When I first found out that I would be working for Israel’s Civil Administration, a branch of the nation’s Ministry of Defense, my instant reaction was, “Never heard of it.”
But as a recent participant in the Israel Government Fellow Program — which gives people from the diaspora an opportunity to intern with the Israeli government — there I was, working on an Israel Defense Forces army base in the West Bank for 10 months and getting an in-depth look at one of the country’s most controversial government branches.
The Civil Administration was established by the Ministry of Defense in 1982 with the purpose of administering and coordinating civilian and humanitarian needs in the West Bank.
As a result of a 1995 Israeli-Palestinian interim agreement on the West Bank and Gaza Strip, three temporary distinct administrative divisions in the West Bank were created.
Most civil authority in Areas A and B (about 40 percent of the West Bank) have been handed to the Palestinian Authority, while the C.A. is responsible for the other 60 percent, Area C.
But even though the C.A. is one of the main authorities in Area C of the West Bank, its work is often non-transparent and rarely publicized. Access to information for Israelis, the international community working in the West Bank and the Palestinians living in the region is truly nonexistent.
Hardly any communication is distributed — be it in Hebrew, English or, most importantly, Arabic, therefore, somewhat deliberately, neglecting community needs in the West Bank. This reality has consequences, most notably for the communities living in the dark under C.A. administration.
I worked at the C.A. headquarters, and my first meeting was at the International and Foreign Affairs Branch, housed in an old Jordanian mental hospital in Beit El, north of Jerusalem. In that meeting, I was tasked by my supervisor, Lt. Col Avi Shalev, a tall, gentle-toned native of South Africa, to build, develop and initiate a new transparency agenda.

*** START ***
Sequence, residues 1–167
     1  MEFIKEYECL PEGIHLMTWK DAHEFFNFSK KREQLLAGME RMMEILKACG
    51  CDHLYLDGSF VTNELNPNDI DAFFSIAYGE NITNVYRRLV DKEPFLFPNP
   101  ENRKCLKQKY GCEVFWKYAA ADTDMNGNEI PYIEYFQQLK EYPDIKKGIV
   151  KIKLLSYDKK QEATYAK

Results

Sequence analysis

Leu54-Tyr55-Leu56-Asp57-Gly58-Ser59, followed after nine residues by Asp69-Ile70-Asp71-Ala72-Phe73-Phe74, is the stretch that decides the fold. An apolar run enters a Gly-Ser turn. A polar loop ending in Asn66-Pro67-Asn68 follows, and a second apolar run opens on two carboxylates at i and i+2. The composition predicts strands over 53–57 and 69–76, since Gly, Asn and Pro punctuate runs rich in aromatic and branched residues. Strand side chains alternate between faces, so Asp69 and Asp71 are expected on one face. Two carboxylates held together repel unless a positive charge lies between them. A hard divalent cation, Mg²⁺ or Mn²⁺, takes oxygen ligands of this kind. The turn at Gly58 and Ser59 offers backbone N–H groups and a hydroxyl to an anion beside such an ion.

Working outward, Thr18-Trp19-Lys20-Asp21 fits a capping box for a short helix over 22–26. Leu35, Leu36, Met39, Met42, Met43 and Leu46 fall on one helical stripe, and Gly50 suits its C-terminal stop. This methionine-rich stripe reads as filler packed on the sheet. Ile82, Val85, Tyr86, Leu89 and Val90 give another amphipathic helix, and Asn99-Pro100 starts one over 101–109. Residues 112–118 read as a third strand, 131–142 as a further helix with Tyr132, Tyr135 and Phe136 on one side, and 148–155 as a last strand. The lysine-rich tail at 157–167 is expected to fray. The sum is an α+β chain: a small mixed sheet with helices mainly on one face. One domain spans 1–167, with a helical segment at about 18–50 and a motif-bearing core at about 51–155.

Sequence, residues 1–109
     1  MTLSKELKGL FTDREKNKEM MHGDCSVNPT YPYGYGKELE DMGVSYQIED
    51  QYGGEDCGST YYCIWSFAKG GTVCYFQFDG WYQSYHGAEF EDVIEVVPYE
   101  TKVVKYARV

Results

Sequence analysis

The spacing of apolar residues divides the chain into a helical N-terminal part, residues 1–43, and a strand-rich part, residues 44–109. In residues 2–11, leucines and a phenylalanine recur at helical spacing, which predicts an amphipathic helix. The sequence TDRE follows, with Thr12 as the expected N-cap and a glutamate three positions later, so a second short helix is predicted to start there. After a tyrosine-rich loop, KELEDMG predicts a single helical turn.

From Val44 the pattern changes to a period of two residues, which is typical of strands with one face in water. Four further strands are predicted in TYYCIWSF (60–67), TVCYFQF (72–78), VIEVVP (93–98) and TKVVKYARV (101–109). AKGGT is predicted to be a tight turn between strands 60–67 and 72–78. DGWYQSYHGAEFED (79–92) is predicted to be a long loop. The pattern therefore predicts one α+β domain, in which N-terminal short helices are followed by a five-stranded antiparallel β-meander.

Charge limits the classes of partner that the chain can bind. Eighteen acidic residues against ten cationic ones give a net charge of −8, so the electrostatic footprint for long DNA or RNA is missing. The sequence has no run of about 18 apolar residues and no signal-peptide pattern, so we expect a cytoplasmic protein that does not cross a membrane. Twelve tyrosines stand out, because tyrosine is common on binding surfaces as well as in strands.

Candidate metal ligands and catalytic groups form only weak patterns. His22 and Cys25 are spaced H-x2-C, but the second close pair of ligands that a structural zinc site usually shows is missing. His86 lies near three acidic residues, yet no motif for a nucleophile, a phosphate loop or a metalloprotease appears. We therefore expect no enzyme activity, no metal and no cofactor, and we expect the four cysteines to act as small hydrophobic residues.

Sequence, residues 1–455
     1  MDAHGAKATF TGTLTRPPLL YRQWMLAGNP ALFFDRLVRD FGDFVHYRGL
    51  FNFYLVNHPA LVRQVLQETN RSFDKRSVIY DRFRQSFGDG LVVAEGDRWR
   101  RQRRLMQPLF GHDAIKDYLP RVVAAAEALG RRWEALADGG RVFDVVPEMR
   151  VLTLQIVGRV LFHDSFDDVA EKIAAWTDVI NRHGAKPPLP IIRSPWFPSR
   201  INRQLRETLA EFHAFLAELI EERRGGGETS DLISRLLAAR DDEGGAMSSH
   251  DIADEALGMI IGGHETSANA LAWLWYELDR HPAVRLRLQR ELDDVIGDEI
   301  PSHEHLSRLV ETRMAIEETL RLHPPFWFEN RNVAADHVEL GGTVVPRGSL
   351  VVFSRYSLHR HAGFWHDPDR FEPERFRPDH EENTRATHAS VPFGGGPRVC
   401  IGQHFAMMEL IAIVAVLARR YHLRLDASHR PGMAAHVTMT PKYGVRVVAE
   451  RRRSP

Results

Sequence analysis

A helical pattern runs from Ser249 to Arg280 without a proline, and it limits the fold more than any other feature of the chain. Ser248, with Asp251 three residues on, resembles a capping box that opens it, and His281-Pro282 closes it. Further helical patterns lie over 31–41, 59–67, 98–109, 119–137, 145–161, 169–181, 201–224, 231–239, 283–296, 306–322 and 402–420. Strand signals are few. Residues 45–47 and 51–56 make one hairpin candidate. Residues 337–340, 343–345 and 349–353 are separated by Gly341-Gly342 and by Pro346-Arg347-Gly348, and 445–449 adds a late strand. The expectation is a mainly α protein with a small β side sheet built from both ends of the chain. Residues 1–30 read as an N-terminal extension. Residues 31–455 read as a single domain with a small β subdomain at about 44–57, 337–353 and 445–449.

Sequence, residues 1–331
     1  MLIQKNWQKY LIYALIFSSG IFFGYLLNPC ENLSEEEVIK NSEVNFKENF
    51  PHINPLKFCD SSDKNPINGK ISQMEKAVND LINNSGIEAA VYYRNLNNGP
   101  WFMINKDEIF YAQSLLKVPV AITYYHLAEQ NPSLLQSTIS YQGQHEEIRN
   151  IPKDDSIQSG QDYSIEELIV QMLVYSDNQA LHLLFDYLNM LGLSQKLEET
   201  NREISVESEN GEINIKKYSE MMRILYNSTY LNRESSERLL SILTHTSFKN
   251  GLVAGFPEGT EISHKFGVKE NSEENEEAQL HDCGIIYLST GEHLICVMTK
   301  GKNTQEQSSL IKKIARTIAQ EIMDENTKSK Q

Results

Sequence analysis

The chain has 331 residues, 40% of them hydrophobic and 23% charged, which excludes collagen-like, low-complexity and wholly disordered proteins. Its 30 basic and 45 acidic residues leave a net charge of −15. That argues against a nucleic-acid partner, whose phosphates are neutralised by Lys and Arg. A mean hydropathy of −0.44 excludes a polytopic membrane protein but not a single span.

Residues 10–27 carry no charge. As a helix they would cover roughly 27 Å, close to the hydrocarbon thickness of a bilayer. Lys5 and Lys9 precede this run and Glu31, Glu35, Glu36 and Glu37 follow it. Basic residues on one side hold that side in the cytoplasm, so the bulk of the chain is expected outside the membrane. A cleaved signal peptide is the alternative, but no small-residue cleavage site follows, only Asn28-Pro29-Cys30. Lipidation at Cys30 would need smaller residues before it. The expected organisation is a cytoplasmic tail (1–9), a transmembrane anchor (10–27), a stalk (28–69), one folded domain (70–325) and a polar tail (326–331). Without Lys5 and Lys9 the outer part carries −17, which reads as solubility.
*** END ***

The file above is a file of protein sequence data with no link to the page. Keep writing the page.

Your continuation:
And so it was that I, a 24-year-old American volunteer with no experience in developing communication initiatives was assigned with promoting C.A. humanitarian projects in the West Bank.
My work consisted of visiting project sites and shadowing humanitarian aide organizations that collaborated with the C.A. in the region. Then I would write and distribute reports in English on project implementation to non-governmental and international organizations, foreign delegations, consulates and the Palestinian leadership.
Lacking any clout — but also unrestricted by army politics and hierarchy — I made my rounds in street clothes. No combat uniform, no M-16 hanging off my shoulder, no diplomatic pass or NGO identification card. And that proved to be the key component in truly grasping the realities on the ground in the West Bank.
Moreover, my experiences exposed not only obvious complexity in the region, but, sadly, how the C.A., the Palestinian Authority and the international community
have somehow forgotten who they work for.
A couple of months ago, for example, I accompanied the C.A. and 10 members of EMPA (a European Union committee on energy, environment and water that makes recommendations to the EU) to a local Palestinian tomato farm near Jericho. The EMPA delegates had come to the West Bank to analyze the ecological, economic and political disaster of what they thought to be Israel’s oppressive water policy.